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The hippocampus is a part of the forebrain, located in the medial temporal lobe. It belongs to the limbic system and plays major roles in short term memory and spatial navigation. Humans and other mammals have two hippocampi, one in each side of the brain.
Novel antidepressant appears to be safe, effective against depression in clinical trial

Novel antidepressant appears to be safe, effective against depression in clinical trial

A small clinical trial of a novel antidepressant that stimulates neurogenesis - the production of new brain cells - shows that the compound appears to be safe and may be effective against depression. [More]

BMBF, US-American National Institute of Health invest over 900,000 euros in memory research

Investing more than 900,000 euros, the German Federal Ministry of Education and Research and the US-American National Institute of Health are funding a close research cooperation between Prof Dr Sen Cheng from the Mercator Research Group "Structure of Memory" at the Ruhr-Universität Bochum and Prof Dr Kamran Diba from the University of Wisconsin-Milwaukee. [More]
Discovery opens up new avenue for research on potential treatments for Alzheimer's disease

Discovery opens up new avenue for research on potential treatments for Alzheimer's disease

A team of researchers led by UNSW Australia scientists has discovered how connections between brain cells are destroyed in the early stages of Alzheimer's disease - work that opens up a new avenue for research on possible treatments for the degenerative brain condition. [More]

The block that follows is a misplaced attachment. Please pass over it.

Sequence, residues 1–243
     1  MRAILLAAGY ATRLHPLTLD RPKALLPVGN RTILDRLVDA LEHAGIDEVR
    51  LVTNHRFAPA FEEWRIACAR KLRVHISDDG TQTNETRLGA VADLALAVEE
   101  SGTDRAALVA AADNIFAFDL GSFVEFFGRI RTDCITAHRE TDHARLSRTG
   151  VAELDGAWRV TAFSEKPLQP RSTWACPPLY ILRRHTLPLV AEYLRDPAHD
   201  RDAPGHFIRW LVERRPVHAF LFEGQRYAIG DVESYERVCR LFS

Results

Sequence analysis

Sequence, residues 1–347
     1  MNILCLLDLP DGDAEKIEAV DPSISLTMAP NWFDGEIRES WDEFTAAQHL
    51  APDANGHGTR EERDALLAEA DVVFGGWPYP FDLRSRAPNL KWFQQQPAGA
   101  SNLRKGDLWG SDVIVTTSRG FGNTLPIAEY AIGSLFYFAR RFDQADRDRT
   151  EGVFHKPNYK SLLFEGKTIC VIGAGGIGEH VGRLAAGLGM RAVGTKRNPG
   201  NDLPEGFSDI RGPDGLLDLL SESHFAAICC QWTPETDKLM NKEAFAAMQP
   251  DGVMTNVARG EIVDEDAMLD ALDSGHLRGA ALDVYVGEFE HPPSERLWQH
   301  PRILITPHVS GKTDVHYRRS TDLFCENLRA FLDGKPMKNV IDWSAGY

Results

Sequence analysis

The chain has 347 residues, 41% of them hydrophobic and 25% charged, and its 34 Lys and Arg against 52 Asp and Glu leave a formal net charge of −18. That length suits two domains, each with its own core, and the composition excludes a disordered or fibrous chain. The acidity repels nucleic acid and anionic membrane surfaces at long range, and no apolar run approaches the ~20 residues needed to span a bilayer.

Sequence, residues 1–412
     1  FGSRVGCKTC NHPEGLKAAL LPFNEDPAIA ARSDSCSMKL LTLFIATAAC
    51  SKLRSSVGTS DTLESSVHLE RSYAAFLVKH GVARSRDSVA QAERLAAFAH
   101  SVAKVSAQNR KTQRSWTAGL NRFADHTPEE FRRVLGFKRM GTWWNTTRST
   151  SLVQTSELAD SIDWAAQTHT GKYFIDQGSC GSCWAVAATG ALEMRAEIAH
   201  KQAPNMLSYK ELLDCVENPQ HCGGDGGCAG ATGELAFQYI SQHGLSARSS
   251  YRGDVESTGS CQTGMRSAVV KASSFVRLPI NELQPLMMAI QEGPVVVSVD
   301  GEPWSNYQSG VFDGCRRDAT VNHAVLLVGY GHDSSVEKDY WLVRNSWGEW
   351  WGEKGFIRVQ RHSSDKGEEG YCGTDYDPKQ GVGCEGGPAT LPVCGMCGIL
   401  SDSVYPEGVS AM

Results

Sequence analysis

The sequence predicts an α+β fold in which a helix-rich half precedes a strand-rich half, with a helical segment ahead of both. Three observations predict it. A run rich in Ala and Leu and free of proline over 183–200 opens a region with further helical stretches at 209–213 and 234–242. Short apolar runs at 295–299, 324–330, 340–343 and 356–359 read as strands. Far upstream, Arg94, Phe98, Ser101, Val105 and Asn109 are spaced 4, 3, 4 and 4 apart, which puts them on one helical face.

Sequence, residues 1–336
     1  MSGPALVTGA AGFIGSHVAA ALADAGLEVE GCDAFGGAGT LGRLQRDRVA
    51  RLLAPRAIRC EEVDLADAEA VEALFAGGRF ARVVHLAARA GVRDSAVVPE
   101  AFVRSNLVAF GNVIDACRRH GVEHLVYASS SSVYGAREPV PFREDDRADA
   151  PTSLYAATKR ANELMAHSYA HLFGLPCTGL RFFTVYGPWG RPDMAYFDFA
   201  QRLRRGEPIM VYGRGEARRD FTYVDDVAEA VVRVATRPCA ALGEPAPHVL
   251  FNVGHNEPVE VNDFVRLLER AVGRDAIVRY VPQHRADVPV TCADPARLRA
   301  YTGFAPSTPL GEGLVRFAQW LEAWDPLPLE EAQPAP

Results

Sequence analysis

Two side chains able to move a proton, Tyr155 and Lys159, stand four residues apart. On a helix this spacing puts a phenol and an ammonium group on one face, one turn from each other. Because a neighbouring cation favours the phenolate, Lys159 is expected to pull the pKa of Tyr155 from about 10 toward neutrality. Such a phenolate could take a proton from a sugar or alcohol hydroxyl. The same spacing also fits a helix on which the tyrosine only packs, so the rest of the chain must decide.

Physical exercise can enhance development of new brain cells

Physical exercise can enhance development of new brain cells

Exercise can enhance the development of new brain cells in the adult brain, a process called adult neurogenesis. These newborn brain cells play an important role in learning and memory. A new study has determined that mice that spent time running on wheels not only developed twice the normal number of new neurons, but also showed an increased ability to distinguish new objects from familiar objects. [More]
High-fat diet appears to prompt immune cells to start consuming connections between neurons

High-fat diet appears to prompt immune cells to start consuming connections between neurons

When a high-fat diet causes us to become obese, it also appears to prompt normally bustling immune cells in our brain to become sedentary and start consuming the connections between our neurons, scientists say. [More]
Exercise can impact cortical thickness in older adults with mild cognitive impairment

Exercise can impact cortical thickness in older adults with mild cognitive impairment

Older adults that improved their fitness through a moderate intensity exercise program increased the thickness of their brain's cortex, the outer layer of the brain that typically atrophies with Alzheimer's disease, according to a new study from the University of Maryland School of Public Health. [More]